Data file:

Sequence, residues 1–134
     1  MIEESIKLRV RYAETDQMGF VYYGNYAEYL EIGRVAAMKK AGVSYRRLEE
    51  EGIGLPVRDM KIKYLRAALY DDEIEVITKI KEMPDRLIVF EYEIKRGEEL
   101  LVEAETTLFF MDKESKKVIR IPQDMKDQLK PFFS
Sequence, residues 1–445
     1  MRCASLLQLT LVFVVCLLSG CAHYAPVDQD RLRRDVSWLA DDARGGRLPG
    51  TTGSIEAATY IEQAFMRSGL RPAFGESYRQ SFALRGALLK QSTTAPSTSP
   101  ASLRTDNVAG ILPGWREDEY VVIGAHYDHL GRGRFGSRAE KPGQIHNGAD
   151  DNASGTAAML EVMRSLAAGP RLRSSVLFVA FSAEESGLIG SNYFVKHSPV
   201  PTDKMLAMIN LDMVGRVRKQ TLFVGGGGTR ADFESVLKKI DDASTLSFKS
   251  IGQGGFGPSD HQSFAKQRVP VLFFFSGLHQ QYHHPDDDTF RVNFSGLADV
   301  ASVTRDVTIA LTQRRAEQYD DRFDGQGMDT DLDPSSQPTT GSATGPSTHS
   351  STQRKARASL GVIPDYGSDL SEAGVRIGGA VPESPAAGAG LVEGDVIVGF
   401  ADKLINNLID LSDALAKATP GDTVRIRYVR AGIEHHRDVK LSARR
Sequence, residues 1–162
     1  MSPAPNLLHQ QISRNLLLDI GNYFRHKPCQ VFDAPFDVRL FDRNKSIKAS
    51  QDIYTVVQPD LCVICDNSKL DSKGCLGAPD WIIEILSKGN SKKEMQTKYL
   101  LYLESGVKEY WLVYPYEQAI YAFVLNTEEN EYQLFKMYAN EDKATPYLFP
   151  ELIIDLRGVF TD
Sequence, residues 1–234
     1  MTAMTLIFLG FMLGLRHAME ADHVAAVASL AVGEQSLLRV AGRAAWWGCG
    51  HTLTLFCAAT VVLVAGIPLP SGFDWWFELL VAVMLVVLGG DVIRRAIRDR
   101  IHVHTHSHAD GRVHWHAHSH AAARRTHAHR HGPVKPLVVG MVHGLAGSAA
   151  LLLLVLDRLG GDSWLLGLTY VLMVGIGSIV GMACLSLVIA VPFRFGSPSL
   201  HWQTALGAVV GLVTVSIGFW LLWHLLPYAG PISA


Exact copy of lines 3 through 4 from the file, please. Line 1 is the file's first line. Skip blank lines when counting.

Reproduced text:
    51  EGIGLPVRDM KIKYLRAALY DDEIEVITKI KEMPDRLIVF EYEIKRGEEL
   101  LVEAETTLFF MDKESKKVIR IPQDMKDQLK PFFS